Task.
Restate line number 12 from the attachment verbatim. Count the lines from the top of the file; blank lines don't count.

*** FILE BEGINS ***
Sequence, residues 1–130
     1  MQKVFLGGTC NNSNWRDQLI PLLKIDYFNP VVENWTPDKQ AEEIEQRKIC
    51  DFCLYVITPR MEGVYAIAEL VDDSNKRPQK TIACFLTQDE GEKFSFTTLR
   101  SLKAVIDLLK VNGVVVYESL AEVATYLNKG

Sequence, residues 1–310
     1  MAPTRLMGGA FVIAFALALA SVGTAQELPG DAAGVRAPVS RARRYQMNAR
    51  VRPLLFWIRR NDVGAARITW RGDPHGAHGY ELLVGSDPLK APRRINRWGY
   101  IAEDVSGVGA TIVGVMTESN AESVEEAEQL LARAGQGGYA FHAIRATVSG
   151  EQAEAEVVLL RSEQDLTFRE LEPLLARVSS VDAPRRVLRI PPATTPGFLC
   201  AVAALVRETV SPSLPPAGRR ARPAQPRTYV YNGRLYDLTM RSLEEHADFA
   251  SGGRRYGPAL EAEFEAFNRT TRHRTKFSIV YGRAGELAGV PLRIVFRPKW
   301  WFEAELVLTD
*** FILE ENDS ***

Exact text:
   301  WFEAELVLTD